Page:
Conserving nature’s chorus: local and landscape features promoting frog species richness in farm dams.
This dataset contains all data, statistics, and R codes used for the study. Corresponding publication: Malerba, Martino; Rowley, Jodi J. L.; Macreadie, Peter; Frazer, James; Zaidi, Nayyar; Nazari, Asef; Thiruvady, Dhananjay; Driscoll, Don (2023), “Conserving nature’s chorus: local and landscape features promoting frog species richness in farm dams.”, Biological Conservation, https://doi.org/10.1016/j.biocon.2023.110270. Contact Information: * Name: Martino E. Malerba * Affiliations: School of Life and Environmental Sciences, Deakin University, Melbourne, Victoria, Australia * ORCID ID: https://orcid.org/0000-0002-7480-4779 * Email: email@example.com Abstract: Habitat loss is a key factor in the ongoing freshwater biodiversity crisis. A promising way to help tackle the rapid decline in freshwater biodiversity is to improve the potential for artificial wetlands to provide habitat for aquatic wildlife. Farm dams are among the most abundant waterbodies in agricultural landscapes and can act as “oases” against droughts for many species. Despite their prominent role in agriculture, predictive models to evaluate their ecological potential are yet to emerge. Here we use a continental-scale data set of 104,013 audio recordings from citizen scientists to identify and locate 107 species of frogs near 8,800 Australian farm dams. Frog species are among the most threatened taxa on earth and we asked: What characteristics promote higher frog species richness at farm dams? We found that the highest values of frog species richness were at old (>20 years) farm dams of intermediate size (0.1 ha in surface area), with small or medium rainfall catchments (<10 ha), and situated near other freshwater systems or conservation sites. The relationships shown here are highly generalisable and applicable on a continental scale. By identifying quantifiable features improving the ecological value of farm dams, we help identify “win-win” outcomes for agricultural productivity and conservation. In the future, “biodiversity credit” policies could incentivise large-scale ecological restoration by rewarding individuals who invest in enhancing their farm dams to support and promote local biodiversity.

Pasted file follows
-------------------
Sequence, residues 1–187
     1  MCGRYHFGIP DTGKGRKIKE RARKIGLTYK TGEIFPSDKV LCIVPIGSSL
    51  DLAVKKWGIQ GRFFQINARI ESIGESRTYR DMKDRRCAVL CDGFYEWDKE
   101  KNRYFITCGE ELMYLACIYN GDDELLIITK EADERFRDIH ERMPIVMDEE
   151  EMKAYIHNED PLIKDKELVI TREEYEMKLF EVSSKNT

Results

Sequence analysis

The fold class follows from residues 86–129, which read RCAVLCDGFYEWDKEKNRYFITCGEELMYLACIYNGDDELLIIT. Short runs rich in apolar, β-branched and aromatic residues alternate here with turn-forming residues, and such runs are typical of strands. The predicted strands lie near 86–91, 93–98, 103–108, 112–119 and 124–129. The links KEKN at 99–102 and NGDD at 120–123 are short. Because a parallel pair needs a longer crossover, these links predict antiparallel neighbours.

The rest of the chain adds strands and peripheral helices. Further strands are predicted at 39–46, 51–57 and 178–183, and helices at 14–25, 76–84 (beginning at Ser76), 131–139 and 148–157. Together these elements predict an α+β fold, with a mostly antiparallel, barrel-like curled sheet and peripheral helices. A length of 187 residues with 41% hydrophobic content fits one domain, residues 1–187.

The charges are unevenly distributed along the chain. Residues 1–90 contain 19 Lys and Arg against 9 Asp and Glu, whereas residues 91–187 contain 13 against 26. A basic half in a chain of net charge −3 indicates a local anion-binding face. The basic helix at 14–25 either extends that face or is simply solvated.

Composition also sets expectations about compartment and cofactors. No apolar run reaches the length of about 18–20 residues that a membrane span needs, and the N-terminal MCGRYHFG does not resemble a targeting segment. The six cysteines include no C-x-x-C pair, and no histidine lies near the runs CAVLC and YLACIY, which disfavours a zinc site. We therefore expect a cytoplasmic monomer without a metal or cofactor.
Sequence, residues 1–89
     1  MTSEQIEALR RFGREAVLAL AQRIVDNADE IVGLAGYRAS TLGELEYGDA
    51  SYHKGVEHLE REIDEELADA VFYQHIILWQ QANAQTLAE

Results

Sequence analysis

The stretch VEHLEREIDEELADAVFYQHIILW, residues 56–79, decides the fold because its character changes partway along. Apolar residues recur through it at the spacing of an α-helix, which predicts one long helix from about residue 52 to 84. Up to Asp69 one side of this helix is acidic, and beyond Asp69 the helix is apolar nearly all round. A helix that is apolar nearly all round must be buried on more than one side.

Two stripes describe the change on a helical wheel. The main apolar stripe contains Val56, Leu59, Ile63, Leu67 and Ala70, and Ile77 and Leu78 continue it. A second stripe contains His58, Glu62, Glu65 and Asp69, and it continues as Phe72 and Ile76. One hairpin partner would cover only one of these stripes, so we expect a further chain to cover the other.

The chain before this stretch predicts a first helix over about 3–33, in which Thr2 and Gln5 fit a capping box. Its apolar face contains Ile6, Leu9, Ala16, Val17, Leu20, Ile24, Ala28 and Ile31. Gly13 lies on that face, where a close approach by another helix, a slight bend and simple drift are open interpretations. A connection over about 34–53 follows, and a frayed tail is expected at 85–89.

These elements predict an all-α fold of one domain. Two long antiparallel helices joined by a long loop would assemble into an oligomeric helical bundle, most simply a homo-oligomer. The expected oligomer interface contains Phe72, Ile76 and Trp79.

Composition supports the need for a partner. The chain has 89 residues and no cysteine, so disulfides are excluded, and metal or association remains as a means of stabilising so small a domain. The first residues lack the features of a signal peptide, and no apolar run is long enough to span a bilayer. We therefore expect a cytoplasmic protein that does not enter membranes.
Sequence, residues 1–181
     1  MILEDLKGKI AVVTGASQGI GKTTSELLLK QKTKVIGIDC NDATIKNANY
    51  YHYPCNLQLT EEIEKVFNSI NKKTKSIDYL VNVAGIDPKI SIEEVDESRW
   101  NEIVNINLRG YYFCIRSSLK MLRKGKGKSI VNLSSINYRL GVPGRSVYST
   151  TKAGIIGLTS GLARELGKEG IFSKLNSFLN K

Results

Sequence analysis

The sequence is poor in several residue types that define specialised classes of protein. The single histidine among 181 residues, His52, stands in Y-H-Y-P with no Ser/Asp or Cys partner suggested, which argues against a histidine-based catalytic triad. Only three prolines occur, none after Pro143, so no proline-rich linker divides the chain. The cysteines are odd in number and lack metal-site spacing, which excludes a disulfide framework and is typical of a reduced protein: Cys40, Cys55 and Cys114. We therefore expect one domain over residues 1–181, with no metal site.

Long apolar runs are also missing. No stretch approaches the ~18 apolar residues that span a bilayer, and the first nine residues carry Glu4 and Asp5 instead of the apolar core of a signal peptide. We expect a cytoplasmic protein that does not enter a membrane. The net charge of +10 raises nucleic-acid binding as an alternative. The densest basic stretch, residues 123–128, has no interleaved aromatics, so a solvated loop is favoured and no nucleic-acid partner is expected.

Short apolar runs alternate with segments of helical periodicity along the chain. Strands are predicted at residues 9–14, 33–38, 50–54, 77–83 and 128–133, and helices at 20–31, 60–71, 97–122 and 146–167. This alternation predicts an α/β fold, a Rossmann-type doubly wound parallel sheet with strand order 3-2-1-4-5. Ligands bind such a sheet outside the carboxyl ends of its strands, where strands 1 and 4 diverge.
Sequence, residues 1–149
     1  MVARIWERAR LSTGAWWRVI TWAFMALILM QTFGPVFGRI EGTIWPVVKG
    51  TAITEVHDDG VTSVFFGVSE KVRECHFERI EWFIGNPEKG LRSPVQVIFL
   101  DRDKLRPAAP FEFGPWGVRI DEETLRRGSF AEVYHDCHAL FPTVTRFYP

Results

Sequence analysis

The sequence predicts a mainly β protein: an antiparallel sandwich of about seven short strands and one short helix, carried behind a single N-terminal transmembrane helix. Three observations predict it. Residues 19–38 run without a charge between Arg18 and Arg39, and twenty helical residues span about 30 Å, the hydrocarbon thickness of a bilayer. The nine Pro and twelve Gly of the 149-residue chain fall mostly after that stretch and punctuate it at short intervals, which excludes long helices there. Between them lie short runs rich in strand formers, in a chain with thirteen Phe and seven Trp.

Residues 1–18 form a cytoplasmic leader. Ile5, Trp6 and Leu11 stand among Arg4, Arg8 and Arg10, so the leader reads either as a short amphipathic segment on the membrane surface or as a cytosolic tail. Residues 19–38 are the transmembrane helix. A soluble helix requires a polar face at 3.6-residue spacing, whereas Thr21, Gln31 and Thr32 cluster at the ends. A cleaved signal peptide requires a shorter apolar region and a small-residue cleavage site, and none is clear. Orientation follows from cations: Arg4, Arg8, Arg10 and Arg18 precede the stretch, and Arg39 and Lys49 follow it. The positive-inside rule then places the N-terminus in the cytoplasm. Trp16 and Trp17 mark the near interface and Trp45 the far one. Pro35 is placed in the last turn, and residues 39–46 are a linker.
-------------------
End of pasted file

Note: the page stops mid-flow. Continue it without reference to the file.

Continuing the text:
Steps to reproduce
The .zip file contains three folders: - Data (where all data are) - R code (all analyses in R) - Results (plots and tables from R) We used the statistical software R version 4.0.3 (R Core Team, 2020) running on a Mac with the packages nlme (Pinheiro et al., 2020) and effects (Fox & Weisberg, 2018, 2019) for the statistical analyses, and dplyr (Wickham et al., 2018), plyr (Wickham, 2011), and ggplot2 (Wickham, 2009) for data manipulation and plotting. Within the script file: (1) check that all packages are installed in the computer (otherwise install before running the script)(e.g., “install.packages(“nlme”)”), and (2) set the directory where the "Main script.R" file is in the computer. After having done that, everything else should work by simply running the file in R. The script will read all data, calculate the statistics, plot th e images, and save the images in the same folder where the Main script file is. The file is designed to run on a Mac computer.